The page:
This story was told by Myrna Syvertsen, who gave permission for me to relate it here.
Myrna is from Clark’s Harbour, a town of now just over 800 people on Cape Sable Island on the south shore of Nova Scotia. The town was smaller yet when she was born there during World War II.
Most of the people of Clark’s Harbour rely on fishing to make a living. It was fishing which brought Myrna’s father to Montauk in the early 1950s. Myrna was in her teens when he found employment at Duryea’s and then sent for his family. Myrna returned to Clark’s Harbour to finish school. She ultimately came back to Montauk, married and raised a family of four girls. Today she has numerous grandchildren and great-grandchildren, both locally and upstate.
Last week Myrna received a phone call. The younger of her Montauk grandsons was in a spot of trouble and needed help.
I’ve known Myrna’s grandson since he was nine. Now he’s in high school and recently got his first car. Last week he met a few of his friends at the beach in downtown Montauk. He parked by one of the hotels and they walked east to Shadmoor State Park. Myrna says Shadmoor has changed. Either erosion has made the park more accessible or boys will be boys. At the ravine they scaled what was left of the cliff and entered the park.
The guys tooled about a bit. Myrna’s grandson tied his shoelace. They saw a hiker and said hello.
The SOS went out to Myrna when they returned to the car and her grandson discovered he no longer had his keys. He recalled they were clutched in his hand, at least up to the point when he tied his shoelaces. He didn’t want them to fall out of his pocket. He remembered the exact spot where he put them down. They scoured the area.
Myrna was pressed into action. She reminds me of Miss Marple. She was logical. She didn’t climb the dangerous cliff. She searched the hotel parking lot. She inquired at the hotel desk and Montauk police precinct to see if anyone had turned in the keys. She decided to go home as there was nothing more to do.
Here’s what I find fascinating.
According to Myrna, her friend Sandy Huser always said, when you lose something, pray to Saint Andrew. Myrna was raised by Canadian Baptists who don’t believe in saints. She said a prayer, something like this: “Saint Andrew, you don’t know me, and I don’t know you. I would like us to become acquainted. I really, really need your help to find my grandson’s car keys.”
An irresistible force, not a voice, more like pulling, made her turn the car and head east to the Shadmoor parking lot. The boys had never been in the parking lot. Myrna searched for quite some time, feeling increasingly peculiar. Something shiny caught her eye. It was a clear plastic map holder, nailed to a wooden signpost at the entrance of the park. Inside, way down at the bottom, she found the keys.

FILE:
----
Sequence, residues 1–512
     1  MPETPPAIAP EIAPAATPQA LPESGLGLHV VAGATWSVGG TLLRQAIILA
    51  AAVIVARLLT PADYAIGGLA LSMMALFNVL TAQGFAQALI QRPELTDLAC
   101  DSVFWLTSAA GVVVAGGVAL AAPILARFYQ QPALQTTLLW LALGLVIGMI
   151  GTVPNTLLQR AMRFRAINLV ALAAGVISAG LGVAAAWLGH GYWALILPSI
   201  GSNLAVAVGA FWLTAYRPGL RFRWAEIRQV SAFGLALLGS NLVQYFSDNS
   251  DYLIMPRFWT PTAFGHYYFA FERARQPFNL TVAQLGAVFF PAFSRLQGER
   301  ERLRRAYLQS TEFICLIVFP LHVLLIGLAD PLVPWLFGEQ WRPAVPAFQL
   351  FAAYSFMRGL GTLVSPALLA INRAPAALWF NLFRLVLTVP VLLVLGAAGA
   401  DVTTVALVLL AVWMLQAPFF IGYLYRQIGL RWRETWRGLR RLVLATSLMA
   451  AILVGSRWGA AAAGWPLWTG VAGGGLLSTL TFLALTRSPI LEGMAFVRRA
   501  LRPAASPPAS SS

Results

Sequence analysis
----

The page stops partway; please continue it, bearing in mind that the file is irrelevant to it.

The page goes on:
A day later, Myrna met up with Fran Ecker who runs the food pantry at St. Therese church. In the course of their conversation, Ms. Ecker said, “I want to give this to you. I think it’s for you,” and handed Myrna a small St. Andrew medal. According to Myrna, she hadn’t mentioned the lost keys to Ms. Ecker and it seemed impossible Ms. Ecker heard the story in so short a time.
On Friday, April 26, at 7 p.m., Montauk Community Church hosts an informal coffee house in the piano room, located upstairs in back of the Sunday school classrooms. Musical entertainment will be provided by Debbie Coen and Lori Hubbard, also known as, “DebLo.” All are invited and be sure to bring friends. To confirm, please call the church office at 668-2022.
A reminder, the Montauk Library budget vote and trustee election is on Saturday, April 27, from 2 to 8 p.m. at the library. Patrons of the library and Montauk homeowners registered to vote are encouraged to cast ballots. Please call the library at 668-3377 for information.
Arbor Day is celebrated in New York State on Friday, April 26. Visit www.arborday.org to join the Arbor Day Foundation and receive 10 flowering tree saplings for $10, the price of a six month membership. The trees listed for our zip code are white dogwood, crabapple, hawthorn, Eastern redbud and the golden rain tree.
Boy Scout Troop 136 is holding a pancake breakfast at the Montauk firehouse, Sunday, April 28 from 8 a.m. to noon. Kids under 12, $5, adults $8. Proceeds will be used to help fund the Eagle Scout Service Projects of Phillip Schnell and Sam Walker. The projects, performed for the benefit of the Montauk community, are the culmination their leadership training as Eagle Scout candidates.